You might be ready to dive head-first into personal brand photography, but that doesn’t mean a flood of clients will come.
How do you find customers and, perhaps more importantly, how do you find recurring clients that keep your book full? The uncertainty of one-time clients is a little nerve-wracking for most of us photographers.
Come along as I walk you through my process for finding my ideal client and building my brand photography business.
1. Who Is Your Ideal Client?
Only you will know your ideal client. Here are a few prompts to get you started in the right direction, so you can narrow down your options:
- Who do you love working with? What types of images make your heart sing? Most of my clients are in a similar space, making it easy for me to market to them all in one fell swoop.
- Go through your client list and figure out who you like working with. Rank your clients by who is paying you the most and who you like working with the most. I’ll be honest, who you like working with the most needs to take priority over those who pay you the most. If the payment doesn’t outweigh the problems, it might be time to let that client go.
- Think about the type of business owner and business you want to work with. Younger owners, more established businesses, type of business, type of industry, etc.
- What are your strengths? What type of business would benefit from your strengths? This is a good indication of the type of business you should aim for.
2. What are you saying to your ideal client? In other words, what is your messaging?
Your messaging needs to be clear and consistent everywhere you appear online. This includes your website, social media channels, etc.
Here’s what you need to communicate:
- Who do you serve
- Where do you serve them
- How can you help them
Anyplace that showcases a description of your business needs to include these three elements. If people don’t know who you serve or what they can expect from you, nobody will be knocking on your door anytime soon.
3. Can Your Ideal Client Find You?
In my experience, most clients reach out to me through Google. They may have seen me on Instagram or somewhere else. Then they go to research me and my business and when they’re ready to buy, they contact me through Google.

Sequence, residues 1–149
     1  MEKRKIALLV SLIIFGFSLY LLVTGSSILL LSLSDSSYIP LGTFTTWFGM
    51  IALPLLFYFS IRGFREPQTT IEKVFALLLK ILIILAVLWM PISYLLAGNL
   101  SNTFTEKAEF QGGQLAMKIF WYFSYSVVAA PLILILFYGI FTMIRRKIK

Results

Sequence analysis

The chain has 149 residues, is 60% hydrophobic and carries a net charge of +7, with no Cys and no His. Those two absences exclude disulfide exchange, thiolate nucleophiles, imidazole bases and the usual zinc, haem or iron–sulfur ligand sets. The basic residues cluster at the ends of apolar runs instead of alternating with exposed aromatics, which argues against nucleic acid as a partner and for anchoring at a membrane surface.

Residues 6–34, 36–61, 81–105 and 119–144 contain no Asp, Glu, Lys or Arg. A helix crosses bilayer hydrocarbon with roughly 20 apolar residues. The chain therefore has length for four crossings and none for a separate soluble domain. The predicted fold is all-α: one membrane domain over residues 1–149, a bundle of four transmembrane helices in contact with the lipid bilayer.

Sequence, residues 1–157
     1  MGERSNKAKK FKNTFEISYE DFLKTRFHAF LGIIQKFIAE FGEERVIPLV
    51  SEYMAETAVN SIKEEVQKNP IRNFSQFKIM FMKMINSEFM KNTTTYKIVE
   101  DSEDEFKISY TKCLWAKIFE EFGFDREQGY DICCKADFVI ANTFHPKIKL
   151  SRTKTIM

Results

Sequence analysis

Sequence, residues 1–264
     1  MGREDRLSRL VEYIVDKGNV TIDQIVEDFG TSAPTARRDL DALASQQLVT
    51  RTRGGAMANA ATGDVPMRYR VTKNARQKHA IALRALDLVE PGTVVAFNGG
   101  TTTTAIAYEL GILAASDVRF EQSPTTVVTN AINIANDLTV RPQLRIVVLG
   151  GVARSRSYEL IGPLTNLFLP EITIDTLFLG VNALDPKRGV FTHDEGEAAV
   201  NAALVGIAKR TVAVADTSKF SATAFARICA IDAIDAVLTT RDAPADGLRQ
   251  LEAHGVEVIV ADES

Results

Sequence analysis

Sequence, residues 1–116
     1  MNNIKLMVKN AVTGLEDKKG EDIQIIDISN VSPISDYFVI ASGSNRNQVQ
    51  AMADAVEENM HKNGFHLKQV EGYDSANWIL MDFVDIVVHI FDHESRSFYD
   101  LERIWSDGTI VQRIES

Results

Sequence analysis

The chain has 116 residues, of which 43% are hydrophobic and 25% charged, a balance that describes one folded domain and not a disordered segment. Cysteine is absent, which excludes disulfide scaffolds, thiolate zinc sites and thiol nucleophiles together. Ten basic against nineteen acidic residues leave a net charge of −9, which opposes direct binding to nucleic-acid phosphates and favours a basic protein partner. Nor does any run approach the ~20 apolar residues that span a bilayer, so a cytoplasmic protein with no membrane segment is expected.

To facilitate this connection you need:
a. To Set Up Your Google My Business Listing
Setting this up is easy, click here to get started.
b. Use Content Your Ideal Customer Is Looking For
Anywhere you post content, use content that will attract your ideal client. This can be blog posts, pages, social media, etc. Use words your ideal client will be looking for, but don’t keyword stuff. Google is getting smarter!
c. Add Metadata to Your Photos
Include metadata on all your photos to help your ideal customer find you more easily.
4. What Are You Offering Your Ideal Client?
Offering too much or not organizing your offerings well will confuse clients and might even turn them away. The only thing your client wants to know is if you can solve their problem. If they have to wade through too much to figure it out, they’ll head elsewhere.
Here are three tips to help streamline your offerings.
1. Solve Your Ideal Clients’ Problems
Figure out your ideal client’s problem. How many photos do they need? How will they use them? And so on.
Show potential clients that your work can solve their problems.
2. How Much Do You Want to Make and How Many Clients Do You Need
Consider how much money you want to make each month and how many clients you can take on. You can use this information to help you figure out your pricing.
3. What Types of Photos Do You Want to Take?